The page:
Should Canada be worried that the five big banks have been placed on ‘credit watch?’ Economists agree that the banks are unlikely to collapse as Lehman Brothers did in the US, but caution that the downgrades could affect lending rates across the country. In turn, higher rates will inevitably increase the costs of mortgages, lines of credit, and credit cards for the average Canadian.
The downgrade was issued by Moody’s Corporation, a research and financial firm that provides credit ratings and risk assessments for the global financial market. Canada’s banking system has been praised for five years as the most fiscally responsible structure in the entire world, but Moody’s believes the banks are vulnerable to record household debts and an overvalued housing market.
However, Canada’s banks are more complicated than most citizens understand. The five major branches maintain operations in other countries as well – TD and CIBC for example, both have major financial institutions in New York State. These foreign operations leave the banks, and in turn Canada, vulnerable to risks or crises that occur in these other markets, which many analysts say contributed to Moody’s decision to downgrade. The ongoing debt solvency problem in Europe is particularly distressing for global financial centres, including Canadian lenders.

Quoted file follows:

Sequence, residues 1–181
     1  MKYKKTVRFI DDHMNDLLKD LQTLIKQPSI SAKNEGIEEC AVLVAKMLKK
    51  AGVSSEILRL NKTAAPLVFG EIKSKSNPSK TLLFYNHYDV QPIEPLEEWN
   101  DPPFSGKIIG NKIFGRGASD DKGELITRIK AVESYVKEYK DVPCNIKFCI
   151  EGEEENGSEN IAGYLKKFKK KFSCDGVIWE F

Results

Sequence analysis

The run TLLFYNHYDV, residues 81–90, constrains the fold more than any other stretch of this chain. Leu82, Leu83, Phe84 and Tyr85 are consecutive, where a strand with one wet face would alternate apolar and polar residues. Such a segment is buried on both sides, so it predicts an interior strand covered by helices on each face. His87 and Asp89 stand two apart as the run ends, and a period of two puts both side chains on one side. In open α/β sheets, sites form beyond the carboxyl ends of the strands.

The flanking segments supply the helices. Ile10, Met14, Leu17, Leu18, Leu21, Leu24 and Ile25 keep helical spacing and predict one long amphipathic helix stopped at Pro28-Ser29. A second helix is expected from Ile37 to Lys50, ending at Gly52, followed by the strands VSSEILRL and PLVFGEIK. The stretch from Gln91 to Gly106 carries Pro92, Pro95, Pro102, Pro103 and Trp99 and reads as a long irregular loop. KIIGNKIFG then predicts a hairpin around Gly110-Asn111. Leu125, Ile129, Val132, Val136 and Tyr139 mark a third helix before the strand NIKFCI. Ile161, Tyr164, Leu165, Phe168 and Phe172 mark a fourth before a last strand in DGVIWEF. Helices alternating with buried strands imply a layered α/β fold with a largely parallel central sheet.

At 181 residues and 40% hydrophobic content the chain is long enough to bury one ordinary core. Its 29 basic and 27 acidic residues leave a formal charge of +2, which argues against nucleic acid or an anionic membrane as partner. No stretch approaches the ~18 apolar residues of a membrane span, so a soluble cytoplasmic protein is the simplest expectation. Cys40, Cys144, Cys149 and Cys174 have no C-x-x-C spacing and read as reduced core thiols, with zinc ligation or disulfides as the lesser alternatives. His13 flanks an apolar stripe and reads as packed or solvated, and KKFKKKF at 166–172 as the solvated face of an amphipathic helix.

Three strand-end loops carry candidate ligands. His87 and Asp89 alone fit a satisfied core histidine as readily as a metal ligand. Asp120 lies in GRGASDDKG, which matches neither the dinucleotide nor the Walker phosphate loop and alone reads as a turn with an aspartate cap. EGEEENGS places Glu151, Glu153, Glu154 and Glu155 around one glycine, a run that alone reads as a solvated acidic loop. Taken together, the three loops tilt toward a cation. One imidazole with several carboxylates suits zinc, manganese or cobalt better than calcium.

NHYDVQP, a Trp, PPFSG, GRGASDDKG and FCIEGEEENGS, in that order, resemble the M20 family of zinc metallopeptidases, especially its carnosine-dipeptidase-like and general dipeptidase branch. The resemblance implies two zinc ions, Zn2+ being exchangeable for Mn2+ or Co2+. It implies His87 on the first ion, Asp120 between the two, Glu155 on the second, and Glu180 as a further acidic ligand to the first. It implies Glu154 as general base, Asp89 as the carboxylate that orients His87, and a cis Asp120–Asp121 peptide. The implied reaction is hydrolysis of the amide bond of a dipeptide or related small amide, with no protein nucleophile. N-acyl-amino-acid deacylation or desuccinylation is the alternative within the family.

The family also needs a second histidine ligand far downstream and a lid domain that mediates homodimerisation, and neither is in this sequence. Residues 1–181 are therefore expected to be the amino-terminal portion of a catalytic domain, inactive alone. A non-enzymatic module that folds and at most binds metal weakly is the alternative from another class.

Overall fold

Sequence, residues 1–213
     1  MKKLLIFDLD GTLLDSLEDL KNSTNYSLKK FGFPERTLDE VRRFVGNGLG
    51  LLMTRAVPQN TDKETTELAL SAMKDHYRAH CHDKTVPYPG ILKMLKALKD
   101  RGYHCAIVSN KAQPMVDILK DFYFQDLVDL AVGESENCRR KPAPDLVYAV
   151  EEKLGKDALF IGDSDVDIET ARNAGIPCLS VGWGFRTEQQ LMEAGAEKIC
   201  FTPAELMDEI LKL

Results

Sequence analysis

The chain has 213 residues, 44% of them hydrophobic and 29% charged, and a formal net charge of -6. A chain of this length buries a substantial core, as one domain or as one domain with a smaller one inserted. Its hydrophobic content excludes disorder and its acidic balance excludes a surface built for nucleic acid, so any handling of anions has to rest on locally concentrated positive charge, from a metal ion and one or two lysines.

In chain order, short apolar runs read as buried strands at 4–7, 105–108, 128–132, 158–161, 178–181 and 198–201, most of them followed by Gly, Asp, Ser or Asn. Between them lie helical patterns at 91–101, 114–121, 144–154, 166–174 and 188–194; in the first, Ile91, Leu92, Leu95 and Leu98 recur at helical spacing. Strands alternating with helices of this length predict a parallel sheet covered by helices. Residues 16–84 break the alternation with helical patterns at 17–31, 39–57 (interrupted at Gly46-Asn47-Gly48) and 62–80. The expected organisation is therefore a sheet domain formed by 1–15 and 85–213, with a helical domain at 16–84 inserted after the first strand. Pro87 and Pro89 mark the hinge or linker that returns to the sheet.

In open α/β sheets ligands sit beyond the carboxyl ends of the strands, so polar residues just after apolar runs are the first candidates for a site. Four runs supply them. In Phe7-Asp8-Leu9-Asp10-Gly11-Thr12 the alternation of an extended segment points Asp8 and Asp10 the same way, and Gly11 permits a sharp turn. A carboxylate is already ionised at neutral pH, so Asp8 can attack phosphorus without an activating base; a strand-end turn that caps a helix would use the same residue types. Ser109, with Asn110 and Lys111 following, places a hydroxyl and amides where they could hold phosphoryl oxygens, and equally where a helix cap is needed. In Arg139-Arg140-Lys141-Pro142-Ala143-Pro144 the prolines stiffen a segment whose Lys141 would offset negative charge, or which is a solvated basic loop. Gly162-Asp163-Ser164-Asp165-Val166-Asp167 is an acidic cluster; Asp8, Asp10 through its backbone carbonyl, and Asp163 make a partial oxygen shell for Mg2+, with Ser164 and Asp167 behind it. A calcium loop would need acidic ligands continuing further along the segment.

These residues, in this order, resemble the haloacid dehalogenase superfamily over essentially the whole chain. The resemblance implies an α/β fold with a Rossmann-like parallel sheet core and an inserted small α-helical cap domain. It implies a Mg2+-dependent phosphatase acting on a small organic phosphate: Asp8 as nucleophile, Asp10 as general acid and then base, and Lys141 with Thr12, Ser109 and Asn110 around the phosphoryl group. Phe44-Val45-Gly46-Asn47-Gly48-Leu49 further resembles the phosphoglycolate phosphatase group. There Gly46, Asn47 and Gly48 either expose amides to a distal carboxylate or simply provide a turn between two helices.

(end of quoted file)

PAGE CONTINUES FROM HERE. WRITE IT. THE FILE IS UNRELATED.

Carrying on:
If the banks lose money in foreign markets, new money will be raised by charging Canadians higher lending rates or banking fees to keep operations stable in these other markets. The Bank of Canada could even authorize an increase in the prime rate, which would allow other banks to charge higher rates for mortgages and interest on lines of credit and credit cards. The country’s interest rates already have nowhere to go but up, and the Bank of Canada has repeatedly cautioned that rates won’t remain near record lows forever. Any number of risks could justify a rate hike, and thousands of indebted households will be unable to manage their payments if the hike is sooner – and larger – than economists have forecast.
The complexity of the banking system combined with the credit downgrade imposed by Moody’s could cost Canadians more money than they expect.